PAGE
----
Commenced in January 2007
Frequency: Monthly
Edition: International
Paper Count: 7

critical path method Related Abstracts

7 Critical Activity Effect on Project Duration in Precedence Diagram Method

Authors: Salman Ali Nisar, Koshi Suzuki

Abstract:

Precedence Diagram Method (PDM) with its additional relationships i.e., start-to-start, finish-to-finish, and start-to-finish, between activities provides more flexible schedule than traditional Critical Path Method (CPM). But, changing the duration of critical activities in PDM network will have anomalous effect on critical path. Researchers have proposed some classification of critical activity effects. In this paper, we do further study on classifications of critical activity effect and provide more information in detailed. Furthermore, we determine the maximum amount of time for each class of critical activity effect by which the project managers can control the dynamic feature (shortening/lengthening) of critical activities and project duration more efficiently.

Keywords: Project Scheduling, Construction project management, critical path method, precedence diagram method

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6 Critical Path Segments Method for Scheduling Technique

Authors: Sherif M. Hafez, Remon F. Aziz, May S. A. Elalim

Abstract:

Project managers today rely on scheduling tools based on the Critical Path Method (CPM) to determine the overall project duration and the activities’ float times which lead to greater efficiency in planning and control of projects. CPM was useful for scheduling construction projects, but researchers had highlighted a number of serious drawbacks that limit its use as a decision support tool and lacks the ability to clearly record and represent detailed information. This paper discusses the drawbacks of CPM as a scheduling technique and presents a modified critical path method (CPM) model which is called critical path segments (CPS). The CPS scheduling mechanism addresses the problems of CPM in three ways: decomposing the activity duration of separated but connected time segments; all relationships among activities are converted into finish–to–start relationship; and analysis and calculations are made with forward path. Sample cases are included to illustrate the shortages in CPM, CPS full analysis and calculations are explained in details, and how schedules can be handled better with the CPS technique.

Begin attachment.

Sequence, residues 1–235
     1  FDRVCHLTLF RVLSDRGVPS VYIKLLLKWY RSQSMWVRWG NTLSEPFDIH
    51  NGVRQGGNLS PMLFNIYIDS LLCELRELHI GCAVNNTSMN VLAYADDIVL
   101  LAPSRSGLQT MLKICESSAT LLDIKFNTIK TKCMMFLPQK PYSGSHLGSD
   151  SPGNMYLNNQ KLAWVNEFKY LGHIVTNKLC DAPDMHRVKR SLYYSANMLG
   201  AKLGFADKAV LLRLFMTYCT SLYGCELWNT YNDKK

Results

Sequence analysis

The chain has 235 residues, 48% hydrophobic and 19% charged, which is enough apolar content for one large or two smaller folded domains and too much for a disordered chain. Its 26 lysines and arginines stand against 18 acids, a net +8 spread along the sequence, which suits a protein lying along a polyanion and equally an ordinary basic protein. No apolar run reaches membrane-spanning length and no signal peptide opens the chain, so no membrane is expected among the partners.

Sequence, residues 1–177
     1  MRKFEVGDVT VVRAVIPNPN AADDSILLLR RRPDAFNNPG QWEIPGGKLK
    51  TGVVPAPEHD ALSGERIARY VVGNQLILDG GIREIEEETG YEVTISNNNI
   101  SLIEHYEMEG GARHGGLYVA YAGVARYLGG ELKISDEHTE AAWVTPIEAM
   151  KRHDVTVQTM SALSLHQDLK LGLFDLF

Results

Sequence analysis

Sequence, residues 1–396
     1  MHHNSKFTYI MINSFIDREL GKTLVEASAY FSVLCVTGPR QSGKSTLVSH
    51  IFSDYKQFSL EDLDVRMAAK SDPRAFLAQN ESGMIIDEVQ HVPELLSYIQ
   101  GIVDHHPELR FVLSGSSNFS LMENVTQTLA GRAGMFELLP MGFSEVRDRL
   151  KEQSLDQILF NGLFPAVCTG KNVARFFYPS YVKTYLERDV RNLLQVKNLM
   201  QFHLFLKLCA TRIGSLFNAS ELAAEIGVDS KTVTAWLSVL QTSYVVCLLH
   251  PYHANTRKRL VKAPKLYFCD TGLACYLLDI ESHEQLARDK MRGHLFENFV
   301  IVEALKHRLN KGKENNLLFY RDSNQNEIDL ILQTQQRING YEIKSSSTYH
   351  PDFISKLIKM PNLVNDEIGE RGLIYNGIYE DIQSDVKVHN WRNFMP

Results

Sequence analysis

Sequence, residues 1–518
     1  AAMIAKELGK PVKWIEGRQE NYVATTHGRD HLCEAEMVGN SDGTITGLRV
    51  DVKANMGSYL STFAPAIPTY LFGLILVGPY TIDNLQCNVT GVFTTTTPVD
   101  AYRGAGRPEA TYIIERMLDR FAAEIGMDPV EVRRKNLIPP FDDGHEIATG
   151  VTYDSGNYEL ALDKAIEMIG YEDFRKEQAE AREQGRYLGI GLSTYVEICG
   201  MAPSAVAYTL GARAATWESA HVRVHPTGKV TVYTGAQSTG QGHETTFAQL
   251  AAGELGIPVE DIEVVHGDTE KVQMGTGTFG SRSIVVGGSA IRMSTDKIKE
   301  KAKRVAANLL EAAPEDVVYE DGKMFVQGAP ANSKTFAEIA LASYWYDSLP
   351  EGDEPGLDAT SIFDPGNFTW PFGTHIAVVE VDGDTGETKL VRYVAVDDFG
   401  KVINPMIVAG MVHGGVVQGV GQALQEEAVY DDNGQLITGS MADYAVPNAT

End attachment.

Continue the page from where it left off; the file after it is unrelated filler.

Keywords: Construction Management, Scheduling, Project Control, critical path method, critical path segments, forward pass, float

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5 Converting Scheduling Time into Calendar Date Considering Non-Interruptible Construction Tasks

Authors: Salman Ali Nisar, Suzuki Koji

Abstract: